Jim Brochu as Zero Mostel in Zero Hour– – Recommended! (Closes July 9)
Zero Hour is a helluva piece of writing. Now tightened from two acts (first premiering in 2006) to intermissionless, time-stopping captivation, Jim Brochu’s one man play offers a no-holds-barred look at the quick, wry, perpetually angry leftist; a boisterous man who, though an actor by profession, longed to just paint. This deeply researched piece, as personal as it is historical, illuminates Samuel Joel (Zero) Mostel. Peppered with anecdotes, jokes, and insults, its serious depiction of reasons for the subject’s dark side, including a pivotal run-in with The House Un-American Activities Committee, provides affecting, whiz-bang dramatization.
Mostel speaks to a New York Times reporter blackmailed into modeling. We don’t hear responses. This cleverly allows Brochu to look directly at his audience while he (actually) sketches. “I don’t want to know your name, this is an interview not a relationship.”
The actor begins with his 1915 birth on “a beautiful little radish farm at the intersection of Eastern Parkway and Pitkin Avenue” and ends about to start rehearsals for a Broadway production of Arnold Wesker’s The Merchant. Mostel died shortly thereafter.
We hear about his passion for art (since childhood), immigrant Jewish parents that declared him dead when Mostel married outside the faith, his second wife Katie “a gawegus (phonetic) Catholic Rockette”, HER MUTHA!, and his inadvertent entrée into show business. Brochu leans over the drawing table to scream the last two words stentorian and bug-eyed, then lightly resuming the tale as if his outburst had never occurred. Sheer Zero.
He answers the annoying phone “Palestinian Anti-Defamation League,” screams, swears, slams the receiver down and cheerily says, “that was my wife.”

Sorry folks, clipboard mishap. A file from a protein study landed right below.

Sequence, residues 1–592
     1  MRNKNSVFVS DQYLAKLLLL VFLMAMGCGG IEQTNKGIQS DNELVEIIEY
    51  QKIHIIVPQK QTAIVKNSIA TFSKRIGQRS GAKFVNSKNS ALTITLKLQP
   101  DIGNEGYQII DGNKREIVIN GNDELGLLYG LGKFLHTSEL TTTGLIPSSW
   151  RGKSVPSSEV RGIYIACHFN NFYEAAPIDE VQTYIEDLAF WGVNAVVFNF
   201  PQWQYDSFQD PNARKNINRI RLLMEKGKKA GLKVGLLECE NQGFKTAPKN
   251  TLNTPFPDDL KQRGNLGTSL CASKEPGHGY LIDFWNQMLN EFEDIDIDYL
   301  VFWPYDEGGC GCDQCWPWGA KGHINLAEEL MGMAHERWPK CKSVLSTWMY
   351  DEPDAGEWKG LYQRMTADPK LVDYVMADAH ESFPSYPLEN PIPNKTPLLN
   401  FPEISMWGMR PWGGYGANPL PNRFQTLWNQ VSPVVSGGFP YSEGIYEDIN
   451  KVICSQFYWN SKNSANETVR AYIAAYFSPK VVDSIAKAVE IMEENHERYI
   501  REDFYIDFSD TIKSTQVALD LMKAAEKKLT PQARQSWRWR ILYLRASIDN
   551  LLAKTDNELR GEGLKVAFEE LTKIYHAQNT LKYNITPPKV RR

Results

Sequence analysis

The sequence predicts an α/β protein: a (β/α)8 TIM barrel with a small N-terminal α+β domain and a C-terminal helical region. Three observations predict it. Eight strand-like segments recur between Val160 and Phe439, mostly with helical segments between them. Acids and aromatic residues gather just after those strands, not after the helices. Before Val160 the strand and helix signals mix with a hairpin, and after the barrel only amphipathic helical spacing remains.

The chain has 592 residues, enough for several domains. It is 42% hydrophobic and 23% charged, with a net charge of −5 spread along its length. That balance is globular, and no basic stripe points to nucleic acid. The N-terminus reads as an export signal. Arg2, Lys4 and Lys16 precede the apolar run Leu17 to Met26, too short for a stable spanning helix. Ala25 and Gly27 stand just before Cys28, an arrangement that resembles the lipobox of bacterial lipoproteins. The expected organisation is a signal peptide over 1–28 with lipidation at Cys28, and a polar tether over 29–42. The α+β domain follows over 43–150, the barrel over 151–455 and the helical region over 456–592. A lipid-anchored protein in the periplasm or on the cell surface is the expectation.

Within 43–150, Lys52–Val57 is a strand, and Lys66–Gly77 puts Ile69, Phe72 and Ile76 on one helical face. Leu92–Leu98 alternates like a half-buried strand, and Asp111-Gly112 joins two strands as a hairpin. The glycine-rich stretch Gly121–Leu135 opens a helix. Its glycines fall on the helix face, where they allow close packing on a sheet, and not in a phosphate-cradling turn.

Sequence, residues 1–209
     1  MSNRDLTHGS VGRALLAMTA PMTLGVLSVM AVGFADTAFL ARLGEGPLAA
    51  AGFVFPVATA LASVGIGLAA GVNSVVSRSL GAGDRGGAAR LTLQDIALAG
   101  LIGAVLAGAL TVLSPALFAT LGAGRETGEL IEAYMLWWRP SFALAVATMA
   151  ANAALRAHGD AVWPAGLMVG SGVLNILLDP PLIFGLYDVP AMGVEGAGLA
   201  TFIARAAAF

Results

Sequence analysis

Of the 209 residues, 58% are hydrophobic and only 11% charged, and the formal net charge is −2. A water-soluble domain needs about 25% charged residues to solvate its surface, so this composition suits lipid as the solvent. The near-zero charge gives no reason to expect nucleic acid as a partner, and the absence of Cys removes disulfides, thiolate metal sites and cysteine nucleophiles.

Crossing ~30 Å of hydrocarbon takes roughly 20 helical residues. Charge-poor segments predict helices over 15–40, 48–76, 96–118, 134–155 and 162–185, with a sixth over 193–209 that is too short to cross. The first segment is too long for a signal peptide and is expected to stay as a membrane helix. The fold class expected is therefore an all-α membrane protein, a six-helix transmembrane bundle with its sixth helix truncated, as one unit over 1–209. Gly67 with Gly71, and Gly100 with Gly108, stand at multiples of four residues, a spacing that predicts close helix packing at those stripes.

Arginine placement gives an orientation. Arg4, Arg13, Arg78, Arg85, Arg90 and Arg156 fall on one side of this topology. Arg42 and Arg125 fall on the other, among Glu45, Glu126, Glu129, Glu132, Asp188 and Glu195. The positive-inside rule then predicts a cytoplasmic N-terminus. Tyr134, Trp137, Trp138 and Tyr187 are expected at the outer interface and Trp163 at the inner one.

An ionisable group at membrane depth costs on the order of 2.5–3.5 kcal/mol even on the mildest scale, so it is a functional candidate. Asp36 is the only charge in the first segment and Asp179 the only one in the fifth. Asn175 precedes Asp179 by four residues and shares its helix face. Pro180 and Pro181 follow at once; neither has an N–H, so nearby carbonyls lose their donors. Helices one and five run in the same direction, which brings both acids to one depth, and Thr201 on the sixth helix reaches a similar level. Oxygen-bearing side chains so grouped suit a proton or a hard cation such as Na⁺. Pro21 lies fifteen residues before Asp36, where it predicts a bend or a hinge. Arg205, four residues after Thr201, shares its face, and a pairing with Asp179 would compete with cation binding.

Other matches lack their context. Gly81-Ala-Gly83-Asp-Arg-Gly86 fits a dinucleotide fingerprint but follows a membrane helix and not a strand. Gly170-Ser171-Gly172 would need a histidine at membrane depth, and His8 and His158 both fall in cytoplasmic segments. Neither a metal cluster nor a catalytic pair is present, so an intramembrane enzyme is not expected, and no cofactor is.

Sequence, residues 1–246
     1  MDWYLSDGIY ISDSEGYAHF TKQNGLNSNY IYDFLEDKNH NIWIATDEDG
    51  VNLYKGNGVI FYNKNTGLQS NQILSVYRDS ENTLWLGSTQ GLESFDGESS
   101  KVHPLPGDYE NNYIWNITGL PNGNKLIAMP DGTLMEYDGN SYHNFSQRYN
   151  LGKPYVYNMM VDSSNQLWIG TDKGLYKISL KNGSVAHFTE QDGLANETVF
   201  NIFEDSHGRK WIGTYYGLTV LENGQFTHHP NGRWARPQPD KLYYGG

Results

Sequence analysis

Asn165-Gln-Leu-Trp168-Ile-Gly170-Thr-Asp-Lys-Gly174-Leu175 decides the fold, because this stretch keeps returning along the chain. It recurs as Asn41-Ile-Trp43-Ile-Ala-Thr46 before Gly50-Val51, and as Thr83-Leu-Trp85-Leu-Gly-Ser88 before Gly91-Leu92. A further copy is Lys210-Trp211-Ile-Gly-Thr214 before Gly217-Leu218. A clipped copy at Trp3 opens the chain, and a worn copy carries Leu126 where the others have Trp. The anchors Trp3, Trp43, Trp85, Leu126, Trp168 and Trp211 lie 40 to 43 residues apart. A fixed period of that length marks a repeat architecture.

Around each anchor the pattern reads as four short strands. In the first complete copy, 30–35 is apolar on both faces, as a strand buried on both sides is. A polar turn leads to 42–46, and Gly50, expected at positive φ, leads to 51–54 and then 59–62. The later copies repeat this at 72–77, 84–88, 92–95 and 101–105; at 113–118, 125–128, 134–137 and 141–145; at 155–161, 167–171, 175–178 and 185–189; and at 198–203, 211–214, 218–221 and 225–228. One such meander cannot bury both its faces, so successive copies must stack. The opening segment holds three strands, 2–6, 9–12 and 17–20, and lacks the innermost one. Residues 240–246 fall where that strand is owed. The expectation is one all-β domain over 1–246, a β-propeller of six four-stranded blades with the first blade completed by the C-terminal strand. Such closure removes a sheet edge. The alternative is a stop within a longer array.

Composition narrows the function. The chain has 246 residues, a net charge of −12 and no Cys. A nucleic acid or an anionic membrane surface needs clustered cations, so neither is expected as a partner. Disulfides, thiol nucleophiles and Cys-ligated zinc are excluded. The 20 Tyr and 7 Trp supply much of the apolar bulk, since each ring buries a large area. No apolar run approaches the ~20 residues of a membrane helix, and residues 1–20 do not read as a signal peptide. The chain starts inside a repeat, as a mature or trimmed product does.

The subject went from being an art student, to lecturing on art-adding humor, then doing benefits and finally breaking out as a comedian at Barney Josephson’s Café Society. (We see part of the routine. Both physicality and timing are recognizable.) Watch the bird movement of his large head as it jerks around as if gauging the room’s temperature; his eloquent hands, fingers most often splayed, gesturing close to the body – like a smaller man; and the frozen beat he takes to allow humor to land.
“I was a Marxist….Why? WHY???!!!.(ostensibly the reporter has asked) BECAUSE OF HITLER AND FASCISM!” Next comes the WPA, a Hollywood contract cut short when Mostel blew off a Louis B. Mayer party for a Longshoremen benefit, and the life altering HUAC: Communism equaled liberalism equaled Judaism! Names are vehemently named. Participants excoriated. Friends mourned. Part of his testimony is shared. As if things weren’t bad enough, the actor was then run over by a bus. (Did you know this, reader?)
Theater includes famous roles in Marjorie Barkentin’s Ulysses in Nightown, Rhinoceros (Eugène Ionesco), A Funny Thing Happened on the Way to the Forum (Stephen Sondheim/Burt Shevelove/Larry Gilbert), which suffered near fatal growing pains on its way to Broadway and threw in his path one of Hollywood’s major HUAC informers, and the iconic Fiddler on the Roof, (Jerry Bock/Sheldon Harnick/Joseph Stein) during which his past came back to haunt the actor. (The actor initially hated both Forum and Tevye, the first iteration of Fiddler.)
We then neatly circle back with palpable regret to lost peers, lost family, and Mostel again forced to leave his art studio for theater. A last line, which refers to what he considered an outrageous request from Katie, couldn’t be better. It leaves us with a knowing smile.
Jim Brochu is so filled with energy, so present, it’s as if he’s performing early in the run of a new show. The actor has honed his character over the years to a degree that brings a whole human being to life. Though familiar mannerisms and speech patterns (including intermittent volume) are employed, this is less a purposeful imitation than top notch channeling.
Director Piper Laurie has done a wonderful job of utilizing the stage, seamlessly evoking mood change in extremely subtle chapters. Pacing is just right. Use of props is completely natural. One assumes this is predominantly the original direction.
Josh Iacovelli’s Scenic Design is detailed and evocative. His Lighting adroitly defines subtly overlapping vignettes.
There’s no credit, but Sound Design is excellent.
Production Photos by Stan Barough
The Peccadillo Theater Company presents
Jim Brochu as Zero Mostel in Zero Hour
By Jim Brochu
Directed by Piper Laurie
Theatre at St. Clements
423 West 46th Street
Through July 9, 2017